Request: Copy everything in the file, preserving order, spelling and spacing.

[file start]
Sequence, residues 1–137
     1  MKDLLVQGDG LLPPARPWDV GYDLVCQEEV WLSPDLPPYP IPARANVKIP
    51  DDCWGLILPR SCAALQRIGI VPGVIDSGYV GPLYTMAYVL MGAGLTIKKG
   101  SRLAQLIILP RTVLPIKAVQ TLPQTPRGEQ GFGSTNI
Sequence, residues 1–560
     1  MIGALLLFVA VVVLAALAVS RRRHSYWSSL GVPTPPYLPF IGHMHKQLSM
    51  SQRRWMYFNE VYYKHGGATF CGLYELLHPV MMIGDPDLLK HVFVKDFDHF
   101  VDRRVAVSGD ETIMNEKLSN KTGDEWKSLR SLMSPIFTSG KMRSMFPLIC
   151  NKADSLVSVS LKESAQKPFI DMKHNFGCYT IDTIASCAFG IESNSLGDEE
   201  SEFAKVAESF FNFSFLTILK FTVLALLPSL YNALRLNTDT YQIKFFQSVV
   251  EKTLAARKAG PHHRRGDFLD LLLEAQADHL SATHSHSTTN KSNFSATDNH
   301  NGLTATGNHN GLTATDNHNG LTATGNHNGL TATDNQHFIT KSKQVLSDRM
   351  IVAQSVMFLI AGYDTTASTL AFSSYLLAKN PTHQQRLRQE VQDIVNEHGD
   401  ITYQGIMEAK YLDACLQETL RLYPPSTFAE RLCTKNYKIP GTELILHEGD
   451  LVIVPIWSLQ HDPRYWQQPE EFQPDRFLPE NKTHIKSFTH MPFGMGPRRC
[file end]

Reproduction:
Sequence, residues 1–137
     1  MKDLLVQGDG LLPPARPWDV GYDLVCQEEV WLSPDLPPYP IPARANVKIP
    51  DDCWGLILPR SCAALQRIGI VPGVIDSGYV GPLYTMAYVL MGAGLTIKKG
   101  SRLAQLIILP RTVLPIKAVQ TLPQTPRGEQ GFGSTNI
Sequence, residues 1–560
     1  MIGALLLFVA VVVLAALAVS RRRHSYWSSL GVPTPPYLPF IGHMHKQLSM
    51  SQRRWMYFNE VYYKHGGATF CGLYELLHPV MMIGDPDLLK HVFVKDFDHF
   101  VDRRVAVSGD ETIMNEKLSN KTGDEWKSLR SLMSPIFTSG KMRSMFPLIC
   151  NKADSLVSVS LKESAQKPFI DMKHNFGCYT IDTIASCAFG IESNSLGDEE
   201  SEFAKVAESF FNFSFLTILK FTVLALLPSL YNALRLNTDT YQIKFFQSVV
   251  EKTLAARKAG PHHRRGDFLD LLLEAQADHL SATHSHSTTN KSNFSATDNH
   301  NGLTATGNHN GLTATDNHNG LTATGNHNGL TATDNQHFIT KSKQVLSDRM
   351  IVAQSVMFLI AGYDTTASTL AFSSYLLAKN PTHQQRLRQE VQDIVNEHGD
   401  ITYQGIMEAK YLDACLQETL RLYPPSTFAE RLCTKNYKIP GTELILHEGD
   451  LVIVPIWSLQ HDPRYWQQPE EFQPDRFLPE NKTHIKSFTH MPFGMGPRRC